WHAT CAN PARENTS DO?
INFORM YOUR TEEN: Emphasize that wearing a seat belt is the single most important thing your teen can do to reduce the fatality and injury risk of driving a car, or as a passenger. Wearing a seat belt reduces the risk of dying in a car by 50%. Share the gruesome reality of being ejected from a vehicle if you are not wearing a seat belt as the driver, front passenger, and rear passenger. Since accidents are impossible to predict seat belts must be worn every trip, every time or injury or death could occur. Go over the seat belt laws in your State, the fines, and the financial ramifications to your insurance if your teen were ticketed. Commit your teen in a Parent/Teen Driving Contract to always wear their seat belt and establish the consequences if they break the contract: loss of driving privileges, pay the difference in the car insurance increase, ect.
BE THE EXAMPLE: Teens would never admit it but they follow the example set by their parents. If a parent always wears their seat belt and insists everyone in the car is buckled before driving then a teen is much more likely to do the same.
REMIND THEM OFTEN: The seat belt conversation with your teen is not a one and done conversation, it’s ongoing. Ask your teen about wearing a seat belt, and remind them every so often. You might have your teen adopt the Time to Drive Ritual outlined in the Mindfulness section of the Mitigation Strategies. If you insist your teen do the Time to Drive Ritual every time before they embark on a trip, seat belt use will become habitual. Also, remember to encourage your teen to not only wear their seat belt will driving, but also as a passenger in the front seat or in the back.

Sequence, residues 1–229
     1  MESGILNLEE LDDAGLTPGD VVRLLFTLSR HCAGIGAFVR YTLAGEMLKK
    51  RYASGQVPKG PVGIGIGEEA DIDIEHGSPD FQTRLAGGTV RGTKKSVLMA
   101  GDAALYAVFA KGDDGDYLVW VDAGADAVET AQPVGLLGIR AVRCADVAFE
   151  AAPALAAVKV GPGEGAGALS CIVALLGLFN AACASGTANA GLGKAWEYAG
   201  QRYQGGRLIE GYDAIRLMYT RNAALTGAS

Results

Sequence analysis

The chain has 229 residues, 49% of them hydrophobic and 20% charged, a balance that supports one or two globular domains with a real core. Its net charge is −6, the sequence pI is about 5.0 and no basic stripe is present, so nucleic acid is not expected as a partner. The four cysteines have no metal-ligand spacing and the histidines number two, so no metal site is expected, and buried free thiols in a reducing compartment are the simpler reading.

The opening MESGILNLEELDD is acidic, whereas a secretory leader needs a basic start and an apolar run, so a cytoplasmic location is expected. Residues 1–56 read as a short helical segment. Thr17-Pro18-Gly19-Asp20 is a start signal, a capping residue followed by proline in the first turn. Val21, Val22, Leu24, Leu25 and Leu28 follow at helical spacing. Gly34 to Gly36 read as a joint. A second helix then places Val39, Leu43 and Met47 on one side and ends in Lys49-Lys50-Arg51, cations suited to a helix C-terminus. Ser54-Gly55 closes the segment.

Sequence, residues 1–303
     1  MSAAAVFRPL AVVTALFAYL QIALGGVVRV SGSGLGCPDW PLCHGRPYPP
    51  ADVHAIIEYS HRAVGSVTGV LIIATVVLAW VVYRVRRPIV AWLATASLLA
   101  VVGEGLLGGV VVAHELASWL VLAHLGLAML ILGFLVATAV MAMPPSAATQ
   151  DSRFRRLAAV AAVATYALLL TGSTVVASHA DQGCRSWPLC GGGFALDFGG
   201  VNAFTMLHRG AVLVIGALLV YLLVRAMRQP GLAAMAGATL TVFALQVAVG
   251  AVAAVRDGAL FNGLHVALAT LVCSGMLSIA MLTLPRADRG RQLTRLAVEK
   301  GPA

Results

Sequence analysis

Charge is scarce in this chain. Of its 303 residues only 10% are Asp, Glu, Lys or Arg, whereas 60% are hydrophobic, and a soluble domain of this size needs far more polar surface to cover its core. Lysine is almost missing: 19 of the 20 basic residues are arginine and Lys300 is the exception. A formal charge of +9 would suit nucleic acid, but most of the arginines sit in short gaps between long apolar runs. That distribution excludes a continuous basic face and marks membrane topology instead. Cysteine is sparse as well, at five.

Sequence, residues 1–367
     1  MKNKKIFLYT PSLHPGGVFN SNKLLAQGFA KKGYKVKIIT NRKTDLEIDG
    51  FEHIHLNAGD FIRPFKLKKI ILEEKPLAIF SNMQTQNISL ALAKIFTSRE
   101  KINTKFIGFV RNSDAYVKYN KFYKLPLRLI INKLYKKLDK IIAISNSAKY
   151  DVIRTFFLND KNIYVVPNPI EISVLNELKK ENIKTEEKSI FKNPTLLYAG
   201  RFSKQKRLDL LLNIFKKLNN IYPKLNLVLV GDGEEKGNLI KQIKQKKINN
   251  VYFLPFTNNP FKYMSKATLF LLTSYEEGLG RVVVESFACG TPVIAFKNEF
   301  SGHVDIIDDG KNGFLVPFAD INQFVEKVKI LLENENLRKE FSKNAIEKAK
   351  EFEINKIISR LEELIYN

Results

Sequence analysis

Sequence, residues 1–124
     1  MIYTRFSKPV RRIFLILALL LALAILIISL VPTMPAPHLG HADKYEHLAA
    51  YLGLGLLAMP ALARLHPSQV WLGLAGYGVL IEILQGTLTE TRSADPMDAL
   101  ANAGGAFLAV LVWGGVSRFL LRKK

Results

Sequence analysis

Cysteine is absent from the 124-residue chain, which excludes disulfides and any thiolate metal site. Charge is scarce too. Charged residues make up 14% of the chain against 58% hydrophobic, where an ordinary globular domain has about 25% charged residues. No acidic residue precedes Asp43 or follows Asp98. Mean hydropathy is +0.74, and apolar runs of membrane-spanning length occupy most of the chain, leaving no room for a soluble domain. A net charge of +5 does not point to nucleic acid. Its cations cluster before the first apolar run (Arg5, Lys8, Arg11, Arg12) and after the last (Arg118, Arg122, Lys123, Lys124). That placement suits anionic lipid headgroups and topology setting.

- Insurance Institute for Highway Safety (IIHS). Fatality Facts 2017: Teenagers. Highway Loss Data Institute; December 2018. Available at https://www.iihs.org/topics/fatality-statistics/detail/teenagersexternal icon.
- Ginsburg, K. R., D. R. Durbin, J. F. Garcia-Espana, E. A. Kalicka, and F. K. Winston. "Associations Between Parenting Styles and Teen Driving, Safety-Related Behaviors and Attitudes." Pediatrics 124, no. 4 (2009): 1040-1051.
- Centers for Disease Control and Prevention (CDC). Seat Belts: Policy Impact. The Department of Health and Human Services: Available at: https://www.cdc.gov/motorvehiclesafety/seatbeltbrief/index.html